The measuring of media moisture, also known as water-content, is critical to successfully irrigating crops in hydroponics. Badly timed irrigations cause lots of the problems faced by novice and even some large scale hydroponic growers. Trying to time irrigations at regular intervals often leads to failure because of how the water demand of a plant changes with size and environmental conditions. It is therefore critical to use a quantitative input that truly represents the amount of water in the media in order to decide whether to water or not. Sadly, the most common method to do this is through the use of resistive moisture sensors; a type of sensor that is ill-fitted for this task in hydroponics. Through this post, I will talk about how resistive sensors work, how you can identify them and why you should never use them to measure water content in your hydroponic crop.
In order to measure the amount of water in media, we need to measure a property of the media that changes in proportion to how wet it is. One of the simplest approaches to this is to put two electrodes inside the media and measure the amount of resistance to the flow of electricity between these electrodes. This exploits the difference in conductivity between water and air. When the media is wet the electrodes will experience more current flow between them. On the other hand, when the media is dry, there will be more air and, therefore, less current flowing between the electrodes. This type of sensor, where we assume that the current flow between two electrodes at a fixed potential is proportional to the amount of moisture in the soil, is what we call a resistivity moisture sensor.
There are several problems with these measurements, especially in hydroponics. The most important is that hydroponic nutrient solutions are significantly more conductive than tap water and therefore the amount of current that flows through the electrodes of the sensor will be much larger than the amount the electrodes were designed for. Since current is flowing, chemical reactions will also happen at the electrodes, corroding them and changing the measurement of resistance with time as corroded electrodes become less conductive. Due to this fact, electrode performance will deteriorate with time and the electrodes will often become useless.
Some manufacturers will try to reduce the above issue by creating electrodes using less easily corroded materials, such as stainless steel, and using AC instead of DC to measure resistivity. This might partially solve the issue of the electrodes being damaged with time but another issue arises; the conductivity of the solution is generally not constant with time as the amount of salts within the media changes. Imagine you start watering a crop with a solution that has a conductivity of 2.1mS/cm, you will then determine the measurement that corresponds to this value in the resistive sensor as “wet” but as you continue feeding salts might accumulate in the media and the conductivity in the root zone might actually be 3.0mS/cm when watering. This means that the “wet” measurement of the sensor is now greatly below the expected conductivity and therefore the sensor will fail to correctly tell you how much water there is in the media.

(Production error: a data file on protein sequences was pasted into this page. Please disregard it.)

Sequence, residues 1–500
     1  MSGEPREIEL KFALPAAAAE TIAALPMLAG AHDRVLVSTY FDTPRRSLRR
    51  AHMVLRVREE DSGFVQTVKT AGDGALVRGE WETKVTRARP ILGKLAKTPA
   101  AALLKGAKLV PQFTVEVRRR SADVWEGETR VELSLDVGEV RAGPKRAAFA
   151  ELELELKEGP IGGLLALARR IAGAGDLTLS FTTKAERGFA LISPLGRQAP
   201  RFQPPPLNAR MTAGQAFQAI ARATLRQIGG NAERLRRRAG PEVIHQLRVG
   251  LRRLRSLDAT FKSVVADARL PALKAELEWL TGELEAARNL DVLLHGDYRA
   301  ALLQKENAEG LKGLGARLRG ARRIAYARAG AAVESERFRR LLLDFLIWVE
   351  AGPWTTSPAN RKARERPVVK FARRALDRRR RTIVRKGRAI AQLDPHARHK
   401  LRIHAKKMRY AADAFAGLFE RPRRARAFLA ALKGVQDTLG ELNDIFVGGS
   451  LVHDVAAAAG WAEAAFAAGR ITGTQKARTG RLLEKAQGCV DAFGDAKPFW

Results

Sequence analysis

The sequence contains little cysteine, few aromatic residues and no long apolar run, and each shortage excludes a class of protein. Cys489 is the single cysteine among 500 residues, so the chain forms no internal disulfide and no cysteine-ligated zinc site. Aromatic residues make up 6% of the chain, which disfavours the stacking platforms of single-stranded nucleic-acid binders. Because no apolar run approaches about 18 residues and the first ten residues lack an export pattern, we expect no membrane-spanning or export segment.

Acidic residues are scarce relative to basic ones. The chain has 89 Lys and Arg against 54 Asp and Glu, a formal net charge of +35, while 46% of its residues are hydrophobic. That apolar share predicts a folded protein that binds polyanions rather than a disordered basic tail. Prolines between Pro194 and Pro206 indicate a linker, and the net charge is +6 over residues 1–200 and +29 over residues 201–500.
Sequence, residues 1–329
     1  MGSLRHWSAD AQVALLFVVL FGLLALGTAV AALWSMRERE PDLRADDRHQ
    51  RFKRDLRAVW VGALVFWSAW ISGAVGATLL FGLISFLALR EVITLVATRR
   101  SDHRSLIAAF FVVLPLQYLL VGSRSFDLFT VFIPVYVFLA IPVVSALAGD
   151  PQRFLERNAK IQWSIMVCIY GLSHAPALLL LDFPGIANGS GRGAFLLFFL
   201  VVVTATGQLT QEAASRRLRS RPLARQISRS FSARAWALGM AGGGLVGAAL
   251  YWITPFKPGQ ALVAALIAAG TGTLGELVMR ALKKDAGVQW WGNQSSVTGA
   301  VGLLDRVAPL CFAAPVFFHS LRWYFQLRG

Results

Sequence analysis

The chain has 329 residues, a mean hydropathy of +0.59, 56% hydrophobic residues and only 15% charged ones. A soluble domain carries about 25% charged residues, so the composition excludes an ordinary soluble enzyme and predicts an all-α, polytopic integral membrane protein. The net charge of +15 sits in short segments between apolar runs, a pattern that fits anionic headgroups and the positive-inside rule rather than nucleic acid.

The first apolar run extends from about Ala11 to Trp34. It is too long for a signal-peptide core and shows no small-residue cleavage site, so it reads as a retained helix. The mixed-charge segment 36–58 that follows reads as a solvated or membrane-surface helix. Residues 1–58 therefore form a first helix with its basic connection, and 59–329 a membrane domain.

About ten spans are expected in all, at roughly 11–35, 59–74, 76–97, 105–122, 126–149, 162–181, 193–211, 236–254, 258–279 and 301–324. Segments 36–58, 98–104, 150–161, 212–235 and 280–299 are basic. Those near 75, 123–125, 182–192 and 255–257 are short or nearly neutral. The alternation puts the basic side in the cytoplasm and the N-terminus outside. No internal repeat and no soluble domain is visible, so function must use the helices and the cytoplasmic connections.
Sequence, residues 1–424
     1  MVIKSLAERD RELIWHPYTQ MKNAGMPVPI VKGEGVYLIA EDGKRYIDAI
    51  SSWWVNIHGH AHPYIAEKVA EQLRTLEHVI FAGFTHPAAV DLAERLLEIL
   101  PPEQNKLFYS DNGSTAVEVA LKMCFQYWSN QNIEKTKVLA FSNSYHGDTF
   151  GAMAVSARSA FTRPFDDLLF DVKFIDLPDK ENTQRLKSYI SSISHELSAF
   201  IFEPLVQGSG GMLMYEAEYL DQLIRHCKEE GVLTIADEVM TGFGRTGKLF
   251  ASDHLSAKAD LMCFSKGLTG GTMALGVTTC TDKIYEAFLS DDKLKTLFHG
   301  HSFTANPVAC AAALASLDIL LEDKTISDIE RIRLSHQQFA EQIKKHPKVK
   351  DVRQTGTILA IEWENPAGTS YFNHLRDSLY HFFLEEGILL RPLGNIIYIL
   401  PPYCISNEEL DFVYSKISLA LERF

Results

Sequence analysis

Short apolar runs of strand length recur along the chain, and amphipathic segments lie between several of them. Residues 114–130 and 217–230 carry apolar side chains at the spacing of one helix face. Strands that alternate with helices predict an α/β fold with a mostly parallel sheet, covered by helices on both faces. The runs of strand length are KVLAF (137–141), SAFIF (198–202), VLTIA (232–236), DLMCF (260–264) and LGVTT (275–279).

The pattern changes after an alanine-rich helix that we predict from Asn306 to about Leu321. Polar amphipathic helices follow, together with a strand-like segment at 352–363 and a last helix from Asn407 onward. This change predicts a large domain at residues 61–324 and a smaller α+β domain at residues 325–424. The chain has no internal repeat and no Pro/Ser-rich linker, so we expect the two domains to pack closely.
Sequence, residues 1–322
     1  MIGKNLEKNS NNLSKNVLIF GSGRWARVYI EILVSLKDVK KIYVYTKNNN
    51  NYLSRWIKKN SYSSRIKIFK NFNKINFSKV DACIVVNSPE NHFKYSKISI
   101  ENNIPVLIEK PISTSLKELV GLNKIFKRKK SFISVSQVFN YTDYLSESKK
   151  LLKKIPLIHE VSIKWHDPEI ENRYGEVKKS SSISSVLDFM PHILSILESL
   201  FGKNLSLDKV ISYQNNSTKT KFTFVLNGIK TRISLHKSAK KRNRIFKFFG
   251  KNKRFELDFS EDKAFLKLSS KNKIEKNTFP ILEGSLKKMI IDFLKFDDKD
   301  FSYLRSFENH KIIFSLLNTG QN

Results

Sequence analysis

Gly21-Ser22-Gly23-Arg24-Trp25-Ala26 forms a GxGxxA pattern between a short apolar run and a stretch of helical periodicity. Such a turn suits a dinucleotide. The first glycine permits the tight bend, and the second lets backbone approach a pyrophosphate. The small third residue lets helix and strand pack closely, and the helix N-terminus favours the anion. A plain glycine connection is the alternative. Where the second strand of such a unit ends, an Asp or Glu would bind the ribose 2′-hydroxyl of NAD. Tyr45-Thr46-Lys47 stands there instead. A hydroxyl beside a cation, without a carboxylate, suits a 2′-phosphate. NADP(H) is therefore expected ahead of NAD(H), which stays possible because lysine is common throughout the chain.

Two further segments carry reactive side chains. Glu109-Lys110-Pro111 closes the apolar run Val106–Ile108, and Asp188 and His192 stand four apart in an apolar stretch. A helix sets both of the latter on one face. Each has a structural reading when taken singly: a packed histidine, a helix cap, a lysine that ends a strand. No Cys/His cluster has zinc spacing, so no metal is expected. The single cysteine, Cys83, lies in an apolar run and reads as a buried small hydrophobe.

While resistive sensors might be able to tell between fully dry or fully wet conditions in their first use, this ability will deteriorate with time as the conductivity of the media changes or the electrodes deteriorate. Since in hydroponics we often rely on the accurate measurement of pretty specific dry back conditions in order to properly water plants, having a sensor that lacks a good degree of granularity in measuring water content is not acceptable. For this reason you should avoid sensors that use resistivity as their way to tell how much moisture there is in your media.
Thankfully telling whether a water-content sensor is a resistivity-based sensor is pretty easy. Almost all resistive sensors will contain metallic legs that are used to penetrate the media, so any sensor that uses metallic prongs like the ones showed in the two electrode examples above is most likely a sensor that uses electrical resistance to measure water-content. Sensors like this should always be avoided.
Which sensors should you use then? Within the next several posts I will be going deeper into other types of moisture sensors. I will describe other ways to measure moisture content that are better suited for hydroponics and give you some links to sensors you can get to carry out this task successfully.